Advice for Beginners


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A 2016 issue of Educational Leadership includes a column titled "Advice You’d Offer a First Year Teacher." Listed in the many pieces of advice for beginning teachers are practical suggestions and motivating ideas any first-year teacher (or those who need a refresher) could benefit from. Reading this column, I found myself nodding in agreement and considering the thoughts I might add to the already full list.

This thinking led me to consider what advice we would give to someone new to Daily 5, CAFE, or Math Daily 3. We frequently get asked where to start, what to do first, or how to begin when starting alone—without the collaboration and support of other teachers in the building or district. Sometimes these questions come from first-year teachers, but often they come from veteran teachers who are new to these practices and wanting the clear path to a successful launch.

I asked Gail and Lori to share their advice for beginners. Here’s what they had to say:

When starting Daily 5, always start with Read to Self. Remember, this can be taught or refined at any time of year. Once your students are familiar with the 10 Steps to Teaching and Learning Independence, they will be able to work on being independent at any task, using the same 10 steps. When starting CAFE, start with one-on-one conferring and fine-tune your conferring sessions. Then, if it makes sense to put students together in a group because of need, do it. Remember however,  to keep your groups small—two to three students per group.     —Gail Boushey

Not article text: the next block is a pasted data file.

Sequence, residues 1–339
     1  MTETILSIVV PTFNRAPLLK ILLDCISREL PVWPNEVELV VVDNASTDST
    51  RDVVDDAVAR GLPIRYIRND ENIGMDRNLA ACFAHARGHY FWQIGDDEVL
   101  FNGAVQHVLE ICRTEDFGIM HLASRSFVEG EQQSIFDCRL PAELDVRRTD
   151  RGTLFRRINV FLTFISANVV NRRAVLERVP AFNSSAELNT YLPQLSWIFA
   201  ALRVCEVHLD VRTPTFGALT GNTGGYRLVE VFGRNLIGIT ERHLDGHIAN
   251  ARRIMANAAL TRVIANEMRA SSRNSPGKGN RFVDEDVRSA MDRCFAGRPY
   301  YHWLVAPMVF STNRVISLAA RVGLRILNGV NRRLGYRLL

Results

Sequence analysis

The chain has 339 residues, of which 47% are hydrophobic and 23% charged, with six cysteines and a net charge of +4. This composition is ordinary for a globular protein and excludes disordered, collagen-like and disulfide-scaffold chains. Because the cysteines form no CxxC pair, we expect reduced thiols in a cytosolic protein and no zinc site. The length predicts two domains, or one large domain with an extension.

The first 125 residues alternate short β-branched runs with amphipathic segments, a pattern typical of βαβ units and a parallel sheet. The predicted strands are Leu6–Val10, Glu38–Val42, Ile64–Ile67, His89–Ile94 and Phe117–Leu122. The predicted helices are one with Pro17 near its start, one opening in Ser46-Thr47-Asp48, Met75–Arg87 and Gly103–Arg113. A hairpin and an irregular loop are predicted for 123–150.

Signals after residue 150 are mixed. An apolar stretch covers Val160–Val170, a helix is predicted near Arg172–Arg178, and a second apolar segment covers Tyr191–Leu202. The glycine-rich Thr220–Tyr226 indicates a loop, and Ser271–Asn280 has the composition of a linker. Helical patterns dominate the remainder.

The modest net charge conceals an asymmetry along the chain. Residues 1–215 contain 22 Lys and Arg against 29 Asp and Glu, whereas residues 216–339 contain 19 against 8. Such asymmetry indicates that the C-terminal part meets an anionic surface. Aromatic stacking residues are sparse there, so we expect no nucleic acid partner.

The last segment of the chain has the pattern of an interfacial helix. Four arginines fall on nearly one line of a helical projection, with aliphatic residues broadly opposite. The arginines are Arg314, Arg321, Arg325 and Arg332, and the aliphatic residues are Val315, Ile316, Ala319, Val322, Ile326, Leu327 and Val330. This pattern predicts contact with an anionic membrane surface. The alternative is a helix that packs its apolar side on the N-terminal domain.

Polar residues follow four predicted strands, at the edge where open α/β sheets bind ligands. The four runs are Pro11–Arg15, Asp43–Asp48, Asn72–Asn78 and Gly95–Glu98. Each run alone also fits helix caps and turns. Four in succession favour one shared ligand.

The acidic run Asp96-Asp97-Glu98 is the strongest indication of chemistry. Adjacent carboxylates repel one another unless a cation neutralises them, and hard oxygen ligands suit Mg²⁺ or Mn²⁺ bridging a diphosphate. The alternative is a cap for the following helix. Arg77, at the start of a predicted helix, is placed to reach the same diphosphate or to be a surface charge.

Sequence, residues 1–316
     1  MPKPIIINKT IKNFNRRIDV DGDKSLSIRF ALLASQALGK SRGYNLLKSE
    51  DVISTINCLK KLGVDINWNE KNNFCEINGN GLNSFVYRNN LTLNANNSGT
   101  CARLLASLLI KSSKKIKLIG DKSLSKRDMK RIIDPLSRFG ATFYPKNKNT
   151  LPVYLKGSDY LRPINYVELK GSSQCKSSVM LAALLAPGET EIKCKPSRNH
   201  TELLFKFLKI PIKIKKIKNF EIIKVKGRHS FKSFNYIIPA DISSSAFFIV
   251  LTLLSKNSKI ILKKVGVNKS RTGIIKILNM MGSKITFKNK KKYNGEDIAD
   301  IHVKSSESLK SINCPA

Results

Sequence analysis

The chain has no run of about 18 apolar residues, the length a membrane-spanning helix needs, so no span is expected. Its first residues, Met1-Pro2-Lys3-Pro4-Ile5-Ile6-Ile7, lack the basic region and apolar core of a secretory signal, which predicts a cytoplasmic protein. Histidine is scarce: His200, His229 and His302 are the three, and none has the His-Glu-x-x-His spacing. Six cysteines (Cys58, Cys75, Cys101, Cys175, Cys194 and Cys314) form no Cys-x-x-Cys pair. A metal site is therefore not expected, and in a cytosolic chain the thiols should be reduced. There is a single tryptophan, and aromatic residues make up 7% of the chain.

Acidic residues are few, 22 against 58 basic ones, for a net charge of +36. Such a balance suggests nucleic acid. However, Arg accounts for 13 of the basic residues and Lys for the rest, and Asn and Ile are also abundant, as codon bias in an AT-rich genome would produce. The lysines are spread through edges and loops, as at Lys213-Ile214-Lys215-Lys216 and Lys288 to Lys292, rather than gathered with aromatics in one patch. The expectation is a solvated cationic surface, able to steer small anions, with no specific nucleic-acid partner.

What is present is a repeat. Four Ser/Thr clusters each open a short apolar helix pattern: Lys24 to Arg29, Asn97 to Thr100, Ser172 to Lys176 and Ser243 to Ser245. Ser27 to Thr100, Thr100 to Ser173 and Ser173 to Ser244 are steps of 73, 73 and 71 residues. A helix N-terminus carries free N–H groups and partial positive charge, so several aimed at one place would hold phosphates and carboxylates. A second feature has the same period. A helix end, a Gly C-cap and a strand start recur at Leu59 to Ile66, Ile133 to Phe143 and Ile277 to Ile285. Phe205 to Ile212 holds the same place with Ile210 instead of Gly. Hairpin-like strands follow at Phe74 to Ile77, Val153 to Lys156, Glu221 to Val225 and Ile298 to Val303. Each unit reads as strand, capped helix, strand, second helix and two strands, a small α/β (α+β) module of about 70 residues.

Remember Daily 5 holds no content and can be used with any program. It is a structure to teach children how to be independent and build their stamina. It will enhance any program you are using. Also, remember that if you go slow at first, building stamina and behaviors of independence, the payoff will be rewarding. Be willing to give your students choice. Choice over where to sit, what to read, and which Daily 5 to do first will increase engagement and ownership.     —Lori Sabo

And my advice? Give yourself the time and permission to do what is necessary to be successful. Print the launching briefs and have them next to you as you introduce each task. Let your students know this is new to you, and communicate your excitement about what it is going to do for them as readers. When you want to celebrate a growth in stamina, celebrate! If you are struggling, get support. And most importantly, don’t lose sight of your purpose for launching these practices because they really do wonders for children.

View the related articles below for quick start guides to all three practices.

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